The Department of Parks and Wildlife recognises that Aboriginal people are the traditional custodians of the lands and waters that it manages, and supports Aboriginal people connecting with country. The ability to carry out cultural activities on country is an important part of Aboriginal culture and connection to the land.

Recent changes to the law have extended opportunities for Aboriginal people to access department-managed lands and waters to carry out customary activities. See pdf Aboriginal customary activities brochure1.79 MB to find out more.

Activities are considered to be done for an Aboriginal customary purpose if they involve traditional practices to do with:

  • making and eating food
  • making and using medicine
  • practising artistic, ceremonial or other cultural activities
  • doing other things involved with any of the above, like using water and other natural resources such as ochre, stones and soil for ceremonies.

No activity is considered customary if it is done for financial gain or reward.

The types of customary activities Aboriginal people are now able to do on department-managed lands and waters include:

  • camping outside of designated camp sites for 28 days, or up to three months for ceremonial events
  • lighting small fires for camping, cooking or smoking ceremonies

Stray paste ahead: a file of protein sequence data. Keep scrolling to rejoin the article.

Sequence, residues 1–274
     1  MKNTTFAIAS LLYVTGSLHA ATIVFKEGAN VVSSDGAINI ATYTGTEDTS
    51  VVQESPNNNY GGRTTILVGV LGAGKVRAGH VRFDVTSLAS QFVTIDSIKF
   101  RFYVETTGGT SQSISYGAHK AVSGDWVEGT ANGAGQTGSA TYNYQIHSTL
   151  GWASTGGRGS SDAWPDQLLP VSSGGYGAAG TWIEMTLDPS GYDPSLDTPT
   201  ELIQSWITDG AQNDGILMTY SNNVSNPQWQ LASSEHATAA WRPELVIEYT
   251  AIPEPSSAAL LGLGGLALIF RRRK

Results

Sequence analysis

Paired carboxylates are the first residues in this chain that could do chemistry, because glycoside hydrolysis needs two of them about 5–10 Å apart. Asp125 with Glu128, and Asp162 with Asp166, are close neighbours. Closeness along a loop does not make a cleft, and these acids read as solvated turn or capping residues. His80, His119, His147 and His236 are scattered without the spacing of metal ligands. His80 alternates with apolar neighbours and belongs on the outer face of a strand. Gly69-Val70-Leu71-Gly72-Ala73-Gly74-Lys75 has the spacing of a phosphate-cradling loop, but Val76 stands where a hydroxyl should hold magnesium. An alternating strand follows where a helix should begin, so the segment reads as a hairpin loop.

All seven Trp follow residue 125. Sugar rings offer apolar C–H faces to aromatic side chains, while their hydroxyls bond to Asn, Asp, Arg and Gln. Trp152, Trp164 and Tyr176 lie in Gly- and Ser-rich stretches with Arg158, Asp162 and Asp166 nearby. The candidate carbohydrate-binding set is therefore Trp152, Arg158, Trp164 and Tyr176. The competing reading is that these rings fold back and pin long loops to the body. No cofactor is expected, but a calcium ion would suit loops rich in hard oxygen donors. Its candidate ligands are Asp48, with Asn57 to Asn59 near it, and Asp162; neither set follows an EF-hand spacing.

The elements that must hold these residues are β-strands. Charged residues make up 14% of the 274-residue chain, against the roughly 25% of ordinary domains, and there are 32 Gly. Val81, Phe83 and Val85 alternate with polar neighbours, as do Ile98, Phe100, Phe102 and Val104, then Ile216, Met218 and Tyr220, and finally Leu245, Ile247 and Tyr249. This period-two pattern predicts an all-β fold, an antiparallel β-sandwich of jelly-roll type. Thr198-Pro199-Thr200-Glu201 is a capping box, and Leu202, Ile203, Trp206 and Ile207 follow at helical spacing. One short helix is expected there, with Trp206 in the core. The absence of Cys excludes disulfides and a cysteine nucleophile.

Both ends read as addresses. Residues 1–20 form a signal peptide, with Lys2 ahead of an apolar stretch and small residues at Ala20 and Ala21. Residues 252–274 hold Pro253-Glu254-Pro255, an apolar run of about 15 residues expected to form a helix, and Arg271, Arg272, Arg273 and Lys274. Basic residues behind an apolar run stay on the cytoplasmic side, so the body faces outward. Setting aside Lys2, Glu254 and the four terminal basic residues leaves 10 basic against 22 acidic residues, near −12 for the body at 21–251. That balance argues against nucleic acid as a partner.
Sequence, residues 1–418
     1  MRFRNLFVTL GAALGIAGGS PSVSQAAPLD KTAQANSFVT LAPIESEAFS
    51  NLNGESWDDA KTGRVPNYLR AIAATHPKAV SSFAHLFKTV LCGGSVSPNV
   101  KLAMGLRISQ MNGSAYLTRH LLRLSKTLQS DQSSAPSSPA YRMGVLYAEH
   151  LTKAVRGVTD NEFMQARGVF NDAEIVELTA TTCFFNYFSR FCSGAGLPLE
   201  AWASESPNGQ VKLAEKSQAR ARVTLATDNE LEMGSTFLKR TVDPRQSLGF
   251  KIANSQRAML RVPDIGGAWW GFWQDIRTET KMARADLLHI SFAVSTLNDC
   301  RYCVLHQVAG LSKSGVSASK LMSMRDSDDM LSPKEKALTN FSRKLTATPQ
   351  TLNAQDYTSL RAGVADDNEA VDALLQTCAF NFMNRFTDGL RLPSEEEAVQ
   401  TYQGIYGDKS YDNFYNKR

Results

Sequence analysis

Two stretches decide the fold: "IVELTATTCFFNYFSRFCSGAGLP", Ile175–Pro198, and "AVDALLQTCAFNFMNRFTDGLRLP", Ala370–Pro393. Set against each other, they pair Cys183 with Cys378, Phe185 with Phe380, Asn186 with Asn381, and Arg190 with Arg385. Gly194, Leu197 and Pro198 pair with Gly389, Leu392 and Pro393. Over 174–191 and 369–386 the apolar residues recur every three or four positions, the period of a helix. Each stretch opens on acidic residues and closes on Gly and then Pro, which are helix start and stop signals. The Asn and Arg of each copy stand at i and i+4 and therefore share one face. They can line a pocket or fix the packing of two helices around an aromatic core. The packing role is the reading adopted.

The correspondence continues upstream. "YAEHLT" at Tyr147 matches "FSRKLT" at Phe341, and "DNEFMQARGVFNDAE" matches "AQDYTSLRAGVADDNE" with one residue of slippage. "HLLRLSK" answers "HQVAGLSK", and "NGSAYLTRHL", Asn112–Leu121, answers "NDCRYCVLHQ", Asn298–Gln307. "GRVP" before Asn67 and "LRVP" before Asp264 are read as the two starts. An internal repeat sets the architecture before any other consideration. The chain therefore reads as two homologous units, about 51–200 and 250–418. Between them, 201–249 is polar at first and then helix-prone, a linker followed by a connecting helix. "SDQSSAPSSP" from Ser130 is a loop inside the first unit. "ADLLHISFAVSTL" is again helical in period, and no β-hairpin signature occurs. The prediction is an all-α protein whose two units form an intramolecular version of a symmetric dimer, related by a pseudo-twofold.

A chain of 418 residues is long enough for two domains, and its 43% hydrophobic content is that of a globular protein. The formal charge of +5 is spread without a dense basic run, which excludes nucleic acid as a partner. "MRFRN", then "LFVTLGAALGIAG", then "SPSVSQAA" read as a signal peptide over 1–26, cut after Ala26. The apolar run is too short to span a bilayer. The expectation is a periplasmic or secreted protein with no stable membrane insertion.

• undertaking ceremonial activities, including taking ochre and water, creating or maintaining rock art, moving natural features and disturbing the ground and plants
  • using boats on rivers and lakes in nature reserves and marine reserves
  • hunting and gathering food and medicine
  • entering restricted caves
  • accessing additional areas with vehicles
  • bringing dogs into additional areas.

None of the changes to the law affect native title rights and interests.

If you have any questions contact:

Aboriginal Heritage Unit
17 Dick Perry Avenue
Kensington, WA 6151
Locked Bag 104
Bentley Delivery Centre, WA 6983
Phone: (08) 9334 0283

There are some circumstances and places where customary activities could have significant impacts on environmentally sensitive areas or on public safety. To manage these impacts, written permission from the local Parks and Wildlife office is needed for some activities in some places. To apply for written permission, Aboriginal people should contact their local Parks and Wildlife office or complete the pdfapplication form and fax, post or hand it in to Parks and Wildlife.

More information